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Student Loan Eradication Plan


Thanks for your comments on my last post about potentially reconsolidating my student loans in order to qualify for Public Service Loan Forgiveness (PSLF). I read all your comments, thought it over, and decided that ultimately you guys are right (you’re always right!).

It doesn’t make sense to try to fix a short-term problem by making major long-term changes.

I don’t want a higher interest rate. I don’t want to be locked into stringent terms and criteria. I don’t want to feel the stress that the program could disappear or be discontinued and I’d be stuck with this boat-load of debt (even higher at that point, given the higher APR). In fact, when mulling it over, really there were two things about the program that appealed to me most: (1) locking in a lower monthly payment, and (2) having a definitive “end date” for when the student loans would be GONE!

Are lower payments really that important long-term???

As readers pointed out, the monthly payment problem is a short-term thing. Hubs has started working again (albeit part-time – he’s a personal trainer), but his income is already picking up as he’s gaining clients. If he stays at his current place of employment, he will enjoy a nice bump in his hourly rate at the 6-month mark. For new readers, hubs recently returned to school full-time so he can switch careers. In only a few more years he’ll be graduating and entering into the full-time work force again.

Meanwhile, this is our last year of paying for childcare (our twins are in kindergarten and although they’re in a state-funded charter school, the state only subsidizes half-day kindergarten so we still pay out-of-pocket for “full day” kinder.). We will have to get through the Spring semester and summer, but by Fall of next year (and “Fall” starts in early August at their school) we’ll only have childcare expenses for after-care, which is really negligible. We are currently paying about $30-40/week for after-care. That’s practically nothing compared to the full-time care we’ve been paying the past….oh….since they were born! (side note: they did childcare part-time from birth through age 3, and have been full-time from age 4-5. But even at only part-time, childcare from the time they were born up until this year has been our #1 largest monthly expense – even outranking our rent/mortgage).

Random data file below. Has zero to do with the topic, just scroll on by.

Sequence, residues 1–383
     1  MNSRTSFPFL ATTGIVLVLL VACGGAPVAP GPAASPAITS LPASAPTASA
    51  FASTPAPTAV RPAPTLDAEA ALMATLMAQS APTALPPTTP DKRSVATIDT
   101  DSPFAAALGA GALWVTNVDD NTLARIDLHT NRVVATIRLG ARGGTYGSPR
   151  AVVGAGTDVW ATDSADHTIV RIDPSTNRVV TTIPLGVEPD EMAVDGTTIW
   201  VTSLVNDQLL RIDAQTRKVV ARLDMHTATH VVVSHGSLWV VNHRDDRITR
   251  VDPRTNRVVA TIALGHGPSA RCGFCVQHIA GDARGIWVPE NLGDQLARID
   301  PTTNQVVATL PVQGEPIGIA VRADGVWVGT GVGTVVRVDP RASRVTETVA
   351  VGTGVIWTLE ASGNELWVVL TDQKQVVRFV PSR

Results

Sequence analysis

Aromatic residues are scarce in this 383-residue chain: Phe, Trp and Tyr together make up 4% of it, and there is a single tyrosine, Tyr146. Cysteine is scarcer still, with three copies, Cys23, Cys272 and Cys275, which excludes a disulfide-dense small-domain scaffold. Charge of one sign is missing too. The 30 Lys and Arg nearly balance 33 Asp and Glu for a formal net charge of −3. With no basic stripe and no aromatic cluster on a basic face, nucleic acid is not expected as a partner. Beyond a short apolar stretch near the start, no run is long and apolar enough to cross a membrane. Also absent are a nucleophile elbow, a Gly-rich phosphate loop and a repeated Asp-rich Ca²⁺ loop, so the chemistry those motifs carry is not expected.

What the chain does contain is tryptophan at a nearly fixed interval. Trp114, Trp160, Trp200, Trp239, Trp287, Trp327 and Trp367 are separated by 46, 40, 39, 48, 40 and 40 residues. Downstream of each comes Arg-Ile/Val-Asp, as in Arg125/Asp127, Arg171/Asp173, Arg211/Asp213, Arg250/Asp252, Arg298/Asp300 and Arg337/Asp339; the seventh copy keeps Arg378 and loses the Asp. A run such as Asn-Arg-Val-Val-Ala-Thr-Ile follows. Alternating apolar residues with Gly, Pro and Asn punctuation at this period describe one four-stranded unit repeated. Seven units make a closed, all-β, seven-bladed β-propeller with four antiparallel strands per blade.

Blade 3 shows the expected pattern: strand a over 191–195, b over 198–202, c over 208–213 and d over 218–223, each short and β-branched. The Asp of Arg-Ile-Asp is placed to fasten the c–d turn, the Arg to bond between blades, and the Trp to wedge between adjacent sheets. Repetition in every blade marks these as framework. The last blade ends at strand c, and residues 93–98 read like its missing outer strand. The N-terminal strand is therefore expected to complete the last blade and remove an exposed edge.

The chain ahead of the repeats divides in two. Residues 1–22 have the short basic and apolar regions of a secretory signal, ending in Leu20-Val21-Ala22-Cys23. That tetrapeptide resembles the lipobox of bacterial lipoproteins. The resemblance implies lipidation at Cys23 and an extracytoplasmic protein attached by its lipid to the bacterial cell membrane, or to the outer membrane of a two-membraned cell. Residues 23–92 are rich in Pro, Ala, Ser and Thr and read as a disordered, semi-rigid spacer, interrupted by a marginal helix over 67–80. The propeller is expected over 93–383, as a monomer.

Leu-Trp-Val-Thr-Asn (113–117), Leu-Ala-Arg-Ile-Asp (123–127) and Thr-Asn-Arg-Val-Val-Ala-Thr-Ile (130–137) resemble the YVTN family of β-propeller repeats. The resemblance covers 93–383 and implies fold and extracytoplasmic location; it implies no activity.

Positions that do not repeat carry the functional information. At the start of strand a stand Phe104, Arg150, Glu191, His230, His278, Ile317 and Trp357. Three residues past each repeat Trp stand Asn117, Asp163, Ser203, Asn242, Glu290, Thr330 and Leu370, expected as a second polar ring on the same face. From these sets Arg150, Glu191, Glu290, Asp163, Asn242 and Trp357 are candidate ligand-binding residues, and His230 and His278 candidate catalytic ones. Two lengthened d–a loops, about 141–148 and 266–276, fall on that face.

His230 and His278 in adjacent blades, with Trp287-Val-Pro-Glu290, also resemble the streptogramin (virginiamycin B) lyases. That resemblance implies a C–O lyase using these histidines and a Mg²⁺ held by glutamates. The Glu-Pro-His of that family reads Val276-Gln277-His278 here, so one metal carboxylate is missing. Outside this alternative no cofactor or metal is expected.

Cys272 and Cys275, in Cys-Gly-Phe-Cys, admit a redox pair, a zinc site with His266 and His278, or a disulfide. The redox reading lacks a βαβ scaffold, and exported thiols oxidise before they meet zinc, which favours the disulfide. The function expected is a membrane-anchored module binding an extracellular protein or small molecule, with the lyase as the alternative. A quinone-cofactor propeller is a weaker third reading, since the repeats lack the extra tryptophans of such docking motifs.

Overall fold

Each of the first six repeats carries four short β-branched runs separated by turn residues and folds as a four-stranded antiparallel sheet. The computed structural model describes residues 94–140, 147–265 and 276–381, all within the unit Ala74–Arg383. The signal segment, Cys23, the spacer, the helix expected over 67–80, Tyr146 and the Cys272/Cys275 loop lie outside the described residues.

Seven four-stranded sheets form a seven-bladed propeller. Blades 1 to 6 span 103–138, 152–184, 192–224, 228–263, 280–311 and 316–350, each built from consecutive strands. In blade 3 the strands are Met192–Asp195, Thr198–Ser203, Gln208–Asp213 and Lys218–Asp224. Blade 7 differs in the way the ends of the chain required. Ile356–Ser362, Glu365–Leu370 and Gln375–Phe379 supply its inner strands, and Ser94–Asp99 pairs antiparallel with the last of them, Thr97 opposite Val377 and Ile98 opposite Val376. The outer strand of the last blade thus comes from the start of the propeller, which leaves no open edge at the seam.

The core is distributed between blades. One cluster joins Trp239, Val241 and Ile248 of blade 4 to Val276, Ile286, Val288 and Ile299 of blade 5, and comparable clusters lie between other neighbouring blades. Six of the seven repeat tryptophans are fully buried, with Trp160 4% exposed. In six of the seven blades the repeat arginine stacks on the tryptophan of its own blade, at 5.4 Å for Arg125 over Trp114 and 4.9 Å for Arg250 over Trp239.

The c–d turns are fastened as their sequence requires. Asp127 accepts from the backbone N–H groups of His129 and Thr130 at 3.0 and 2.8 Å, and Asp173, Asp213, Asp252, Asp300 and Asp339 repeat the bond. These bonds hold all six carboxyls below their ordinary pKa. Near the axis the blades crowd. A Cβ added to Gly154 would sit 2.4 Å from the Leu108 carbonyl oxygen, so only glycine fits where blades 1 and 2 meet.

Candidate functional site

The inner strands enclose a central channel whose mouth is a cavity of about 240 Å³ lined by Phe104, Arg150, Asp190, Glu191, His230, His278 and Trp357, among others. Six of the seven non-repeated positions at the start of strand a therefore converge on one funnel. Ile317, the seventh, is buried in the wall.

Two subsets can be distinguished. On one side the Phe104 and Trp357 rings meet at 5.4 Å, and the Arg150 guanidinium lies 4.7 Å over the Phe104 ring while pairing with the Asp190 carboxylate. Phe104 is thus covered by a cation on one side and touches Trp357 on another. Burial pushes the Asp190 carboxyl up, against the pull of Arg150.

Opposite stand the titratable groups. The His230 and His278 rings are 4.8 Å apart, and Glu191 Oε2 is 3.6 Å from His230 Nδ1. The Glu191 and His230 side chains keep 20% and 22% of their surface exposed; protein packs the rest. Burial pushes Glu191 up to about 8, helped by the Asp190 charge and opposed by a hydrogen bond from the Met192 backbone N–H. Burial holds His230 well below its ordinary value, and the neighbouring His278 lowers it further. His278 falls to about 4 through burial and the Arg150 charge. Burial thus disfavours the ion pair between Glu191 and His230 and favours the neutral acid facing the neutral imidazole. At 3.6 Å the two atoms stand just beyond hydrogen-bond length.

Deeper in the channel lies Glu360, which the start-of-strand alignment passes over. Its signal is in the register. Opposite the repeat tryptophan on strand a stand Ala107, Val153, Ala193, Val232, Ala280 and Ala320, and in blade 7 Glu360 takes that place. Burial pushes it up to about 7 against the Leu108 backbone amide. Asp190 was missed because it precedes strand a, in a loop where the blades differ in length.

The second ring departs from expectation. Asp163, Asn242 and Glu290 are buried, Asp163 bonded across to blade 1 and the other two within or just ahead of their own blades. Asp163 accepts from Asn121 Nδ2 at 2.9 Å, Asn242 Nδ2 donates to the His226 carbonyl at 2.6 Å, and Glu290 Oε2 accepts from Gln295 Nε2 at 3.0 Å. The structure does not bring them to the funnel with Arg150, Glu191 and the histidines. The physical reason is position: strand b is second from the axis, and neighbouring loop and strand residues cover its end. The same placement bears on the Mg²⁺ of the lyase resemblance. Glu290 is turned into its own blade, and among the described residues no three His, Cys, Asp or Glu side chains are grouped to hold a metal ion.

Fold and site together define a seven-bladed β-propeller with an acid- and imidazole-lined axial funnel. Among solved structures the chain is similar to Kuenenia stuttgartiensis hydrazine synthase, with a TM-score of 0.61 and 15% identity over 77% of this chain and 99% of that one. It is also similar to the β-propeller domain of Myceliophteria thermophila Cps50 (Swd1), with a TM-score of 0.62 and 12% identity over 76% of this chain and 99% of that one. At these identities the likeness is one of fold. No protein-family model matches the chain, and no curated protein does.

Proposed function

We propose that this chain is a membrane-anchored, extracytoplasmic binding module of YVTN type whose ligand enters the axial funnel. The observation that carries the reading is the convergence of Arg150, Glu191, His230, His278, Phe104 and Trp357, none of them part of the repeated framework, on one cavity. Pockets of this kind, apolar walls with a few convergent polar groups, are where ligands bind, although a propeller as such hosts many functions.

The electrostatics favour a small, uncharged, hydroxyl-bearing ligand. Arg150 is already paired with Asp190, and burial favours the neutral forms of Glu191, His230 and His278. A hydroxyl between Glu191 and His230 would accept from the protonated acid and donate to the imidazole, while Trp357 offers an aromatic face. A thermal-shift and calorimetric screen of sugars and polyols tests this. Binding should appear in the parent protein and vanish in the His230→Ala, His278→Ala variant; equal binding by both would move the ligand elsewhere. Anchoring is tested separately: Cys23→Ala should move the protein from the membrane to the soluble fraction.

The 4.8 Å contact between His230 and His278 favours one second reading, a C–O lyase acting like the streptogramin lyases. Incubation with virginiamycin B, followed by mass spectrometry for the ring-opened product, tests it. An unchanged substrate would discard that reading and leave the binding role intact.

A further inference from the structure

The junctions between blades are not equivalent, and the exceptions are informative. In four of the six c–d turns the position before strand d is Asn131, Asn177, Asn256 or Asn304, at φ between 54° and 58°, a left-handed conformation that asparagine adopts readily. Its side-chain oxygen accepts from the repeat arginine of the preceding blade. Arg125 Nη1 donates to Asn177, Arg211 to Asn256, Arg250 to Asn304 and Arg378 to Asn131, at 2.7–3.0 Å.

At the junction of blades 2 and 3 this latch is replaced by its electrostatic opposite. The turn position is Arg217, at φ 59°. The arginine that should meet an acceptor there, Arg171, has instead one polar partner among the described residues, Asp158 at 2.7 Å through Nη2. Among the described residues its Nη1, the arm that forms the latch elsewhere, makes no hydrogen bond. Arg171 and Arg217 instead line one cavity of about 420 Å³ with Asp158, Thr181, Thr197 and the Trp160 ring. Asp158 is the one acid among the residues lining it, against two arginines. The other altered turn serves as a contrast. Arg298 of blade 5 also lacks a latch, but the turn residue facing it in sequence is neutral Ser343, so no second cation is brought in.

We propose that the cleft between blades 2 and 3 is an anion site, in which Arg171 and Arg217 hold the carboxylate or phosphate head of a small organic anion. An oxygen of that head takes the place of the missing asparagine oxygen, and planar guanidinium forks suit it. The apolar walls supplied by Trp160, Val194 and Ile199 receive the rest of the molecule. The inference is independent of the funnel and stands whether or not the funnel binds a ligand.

Definitive Student Loans End Date

I decided to do a little investigating with my student loans in their current repayment plan (we’re in income-driven repayment). The plan is subject-to-change since it’s based on our income, but with things as-is, I figured out the “Paid in Full” date for each of my outstanding student loan balances. I have 7 loans in total, and their current “pain in full” dates range from December 2023 to August 2028! Now, I know that’s a very long ways off…..but remember half of the “pull” for me to do the PSLF was that it guaranteed an “end date” for my student loans. The end date would be 10-years. Well……as it turns out, my student loans are set to be fully paid within 10 years anyway! And that’s if I don’t get crazy and start paying way extra to get them gone sooner!!!